The thermistor example shows one method of operating an external sensor in a very energy efficient way, assuming that the MCU has the hardware to support it.
There are also other ways of solving the thermistor problem. On the EFM32 Gemstone products, as well as the Blue Gecko, based on EFM32 Gecko technology, the ADC can now operate while the system is in deep sleep mode (EM2). The “improved” approach above, where the RTC/RTCC woke up the CPU to take an ADC sample, can now be changed to making the RTCC automatically trigger the ADC through the peripheral reflex system (PRS). An ADC with these products also has the ability to evaluate the ADC result and only give the CPU an interrupt if the sample is outside or inside given thresholds.
It is important to also duty-cycle the thermistor properly. Where LESENSE does this for you automatically, the ADC does not, and it has to be controlled either via PRS or from the CPU. It makes sense to turn the thermistor on in sufficient time before sampling and off immediately after. Let us see what happens if you try to use an RTCC event through PRS to enable and disable the thermistor. This scenario is shown in Figure 5.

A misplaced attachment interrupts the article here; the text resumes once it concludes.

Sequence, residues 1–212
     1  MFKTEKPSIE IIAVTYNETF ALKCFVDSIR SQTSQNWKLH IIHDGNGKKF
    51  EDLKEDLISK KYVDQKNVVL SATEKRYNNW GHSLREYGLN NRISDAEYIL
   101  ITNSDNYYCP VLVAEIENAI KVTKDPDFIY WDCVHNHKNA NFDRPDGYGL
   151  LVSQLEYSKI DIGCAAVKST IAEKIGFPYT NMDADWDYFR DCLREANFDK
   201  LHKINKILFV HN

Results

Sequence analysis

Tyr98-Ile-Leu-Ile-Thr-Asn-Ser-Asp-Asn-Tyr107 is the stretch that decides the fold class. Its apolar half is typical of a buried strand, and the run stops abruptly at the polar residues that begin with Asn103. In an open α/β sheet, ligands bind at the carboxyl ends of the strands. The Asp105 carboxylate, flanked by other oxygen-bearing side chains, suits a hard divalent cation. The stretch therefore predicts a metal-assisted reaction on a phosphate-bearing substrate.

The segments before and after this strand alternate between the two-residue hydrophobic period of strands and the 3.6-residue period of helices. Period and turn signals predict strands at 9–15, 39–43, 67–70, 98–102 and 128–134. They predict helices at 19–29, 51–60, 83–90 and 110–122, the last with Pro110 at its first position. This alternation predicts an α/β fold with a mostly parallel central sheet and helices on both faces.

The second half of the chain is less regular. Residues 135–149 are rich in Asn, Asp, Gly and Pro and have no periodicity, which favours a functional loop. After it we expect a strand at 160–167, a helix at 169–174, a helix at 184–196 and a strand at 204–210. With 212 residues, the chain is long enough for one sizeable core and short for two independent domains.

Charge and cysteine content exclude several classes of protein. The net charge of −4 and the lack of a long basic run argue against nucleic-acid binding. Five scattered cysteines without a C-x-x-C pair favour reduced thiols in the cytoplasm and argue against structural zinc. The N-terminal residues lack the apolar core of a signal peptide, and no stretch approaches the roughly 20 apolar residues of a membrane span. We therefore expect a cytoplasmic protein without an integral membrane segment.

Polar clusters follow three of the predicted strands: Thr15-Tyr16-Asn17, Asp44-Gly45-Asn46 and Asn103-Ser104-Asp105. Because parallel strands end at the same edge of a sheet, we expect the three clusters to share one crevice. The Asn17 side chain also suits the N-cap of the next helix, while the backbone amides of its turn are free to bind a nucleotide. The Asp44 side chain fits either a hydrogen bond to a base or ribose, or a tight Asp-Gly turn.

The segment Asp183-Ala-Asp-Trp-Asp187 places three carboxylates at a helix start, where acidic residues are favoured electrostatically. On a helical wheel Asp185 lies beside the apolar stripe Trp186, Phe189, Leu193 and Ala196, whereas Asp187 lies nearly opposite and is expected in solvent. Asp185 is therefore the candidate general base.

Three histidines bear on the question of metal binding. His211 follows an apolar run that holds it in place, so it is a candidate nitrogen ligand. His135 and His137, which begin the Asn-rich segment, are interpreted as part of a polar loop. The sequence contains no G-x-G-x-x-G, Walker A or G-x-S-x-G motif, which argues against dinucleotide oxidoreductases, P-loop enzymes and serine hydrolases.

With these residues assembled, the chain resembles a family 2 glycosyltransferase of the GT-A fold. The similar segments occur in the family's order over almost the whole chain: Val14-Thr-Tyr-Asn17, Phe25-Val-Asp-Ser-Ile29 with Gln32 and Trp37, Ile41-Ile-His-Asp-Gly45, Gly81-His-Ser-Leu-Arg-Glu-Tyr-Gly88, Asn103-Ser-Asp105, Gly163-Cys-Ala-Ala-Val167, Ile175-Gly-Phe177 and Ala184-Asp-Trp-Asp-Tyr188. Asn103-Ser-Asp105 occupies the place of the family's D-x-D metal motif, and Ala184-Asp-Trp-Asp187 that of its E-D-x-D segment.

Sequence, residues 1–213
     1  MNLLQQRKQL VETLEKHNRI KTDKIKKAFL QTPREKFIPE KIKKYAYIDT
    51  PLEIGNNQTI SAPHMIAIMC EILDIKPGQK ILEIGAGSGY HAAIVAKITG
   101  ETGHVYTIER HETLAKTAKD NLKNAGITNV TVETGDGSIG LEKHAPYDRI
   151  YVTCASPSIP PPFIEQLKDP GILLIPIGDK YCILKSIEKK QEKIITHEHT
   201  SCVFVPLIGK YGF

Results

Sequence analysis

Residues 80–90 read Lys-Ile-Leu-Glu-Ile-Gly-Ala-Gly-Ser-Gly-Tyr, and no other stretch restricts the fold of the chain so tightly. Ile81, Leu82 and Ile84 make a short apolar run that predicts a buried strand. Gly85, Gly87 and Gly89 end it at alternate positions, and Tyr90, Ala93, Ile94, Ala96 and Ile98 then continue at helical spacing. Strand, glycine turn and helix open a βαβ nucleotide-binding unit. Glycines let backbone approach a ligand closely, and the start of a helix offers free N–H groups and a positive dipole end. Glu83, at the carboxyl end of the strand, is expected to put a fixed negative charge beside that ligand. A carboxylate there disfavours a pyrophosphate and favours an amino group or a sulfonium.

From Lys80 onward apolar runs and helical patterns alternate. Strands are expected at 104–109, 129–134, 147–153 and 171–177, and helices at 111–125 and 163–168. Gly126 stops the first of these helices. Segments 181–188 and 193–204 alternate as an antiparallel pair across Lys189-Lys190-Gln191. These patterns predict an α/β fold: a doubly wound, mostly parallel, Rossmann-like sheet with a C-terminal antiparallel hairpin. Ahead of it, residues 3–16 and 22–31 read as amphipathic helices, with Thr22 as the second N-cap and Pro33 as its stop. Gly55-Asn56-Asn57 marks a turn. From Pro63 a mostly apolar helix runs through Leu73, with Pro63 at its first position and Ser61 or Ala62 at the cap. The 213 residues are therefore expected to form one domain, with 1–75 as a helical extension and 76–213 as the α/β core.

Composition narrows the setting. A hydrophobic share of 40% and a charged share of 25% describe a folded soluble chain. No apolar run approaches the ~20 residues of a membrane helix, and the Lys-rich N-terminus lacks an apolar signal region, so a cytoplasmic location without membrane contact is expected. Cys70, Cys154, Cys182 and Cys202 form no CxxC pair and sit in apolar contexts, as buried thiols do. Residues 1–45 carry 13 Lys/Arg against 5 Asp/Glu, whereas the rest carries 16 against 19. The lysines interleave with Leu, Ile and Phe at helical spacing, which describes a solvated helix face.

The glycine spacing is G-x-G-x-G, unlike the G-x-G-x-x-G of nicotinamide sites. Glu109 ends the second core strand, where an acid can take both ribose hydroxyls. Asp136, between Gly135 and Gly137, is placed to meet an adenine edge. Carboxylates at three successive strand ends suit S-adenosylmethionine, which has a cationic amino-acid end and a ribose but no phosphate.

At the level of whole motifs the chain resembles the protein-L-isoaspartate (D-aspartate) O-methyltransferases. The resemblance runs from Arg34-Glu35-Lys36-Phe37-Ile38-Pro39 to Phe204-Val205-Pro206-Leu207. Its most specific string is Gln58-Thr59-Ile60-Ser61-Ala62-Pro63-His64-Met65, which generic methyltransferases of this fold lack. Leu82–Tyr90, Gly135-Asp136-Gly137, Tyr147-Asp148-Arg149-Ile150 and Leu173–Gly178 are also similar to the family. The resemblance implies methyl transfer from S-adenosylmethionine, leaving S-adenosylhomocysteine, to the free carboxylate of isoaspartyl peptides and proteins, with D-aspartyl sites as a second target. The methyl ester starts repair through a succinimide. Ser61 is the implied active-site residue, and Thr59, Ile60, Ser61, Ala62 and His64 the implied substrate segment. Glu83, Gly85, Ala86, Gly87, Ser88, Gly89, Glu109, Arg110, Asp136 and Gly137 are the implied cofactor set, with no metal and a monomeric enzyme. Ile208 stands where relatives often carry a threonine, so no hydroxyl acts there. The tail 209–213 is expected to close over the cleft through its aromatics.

Figure 5 - ADC Sample Triggered by RTCC Event through PRS
As the figure shows, an RTCC event is longer than the ADC takes to warm up and sample the thermistor. Based on a 32 kHz clock, the RTCC event keeps the thermistor on for 22 µs longer than necessary. You can cut this time down by using some PRS tricks. For example, the ADC produces a short PRS output whenever it is done. Using the RTC event, PRS signal, and the ADC to complete the PRS pulse, it’s possible to create a signal that goes high on the RTC trigger and low when the ADC is complete. This signal can automatically enable the thermistor in the system.